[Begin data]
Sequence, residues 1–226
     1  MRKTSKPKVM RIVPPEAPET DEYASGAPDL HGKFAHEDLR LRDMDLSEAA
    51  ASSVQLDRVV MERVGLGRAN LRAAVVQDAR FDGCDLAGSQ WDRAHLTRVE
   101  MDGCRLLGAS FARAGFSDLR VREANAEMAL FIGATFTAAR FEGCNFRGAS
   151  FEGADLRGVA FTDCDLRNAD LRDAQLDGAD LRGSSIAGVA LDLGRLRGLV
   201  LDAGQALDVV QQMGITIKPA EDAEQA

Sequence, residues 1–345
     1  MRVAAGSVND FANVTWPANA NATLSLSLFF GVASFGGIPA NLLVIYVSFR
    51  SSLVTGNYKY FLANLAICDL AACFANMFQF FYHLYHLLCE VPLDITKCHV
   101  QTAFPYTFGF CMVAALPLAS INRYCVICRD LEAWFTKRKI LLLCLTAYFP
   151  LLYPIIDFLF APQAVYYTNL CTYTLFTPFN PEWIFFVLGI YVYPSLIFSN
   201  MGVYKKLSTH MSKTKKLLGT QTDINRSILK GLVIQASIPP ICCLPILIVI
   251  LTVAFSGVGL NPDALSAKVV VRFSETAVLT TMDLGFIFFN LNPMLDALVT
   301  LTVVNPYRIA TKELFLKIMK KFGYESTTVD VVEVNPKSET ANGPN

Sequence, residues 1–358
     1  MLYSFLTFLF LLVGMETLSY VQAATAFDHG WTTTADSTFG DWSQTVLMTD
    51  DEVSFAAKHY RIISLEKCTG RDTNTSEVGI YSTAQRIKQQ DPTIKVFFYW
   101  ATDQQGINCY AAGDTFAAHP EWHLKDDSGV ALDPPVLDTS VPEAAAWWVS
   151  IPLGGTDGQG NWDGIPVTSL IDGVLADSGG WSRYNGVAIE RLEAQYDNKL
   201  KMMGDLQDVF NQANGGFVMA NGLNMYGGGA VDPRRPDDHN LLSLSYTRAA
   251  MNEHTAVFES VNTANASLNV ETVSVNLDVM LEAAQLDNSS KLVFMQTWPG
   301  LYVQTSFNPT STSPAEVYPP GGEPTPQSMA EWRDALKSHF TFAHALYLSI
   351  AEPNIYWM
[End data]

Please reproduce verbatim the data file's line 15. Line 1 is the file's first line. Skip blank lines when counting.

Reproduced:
Sequence, residues 1–358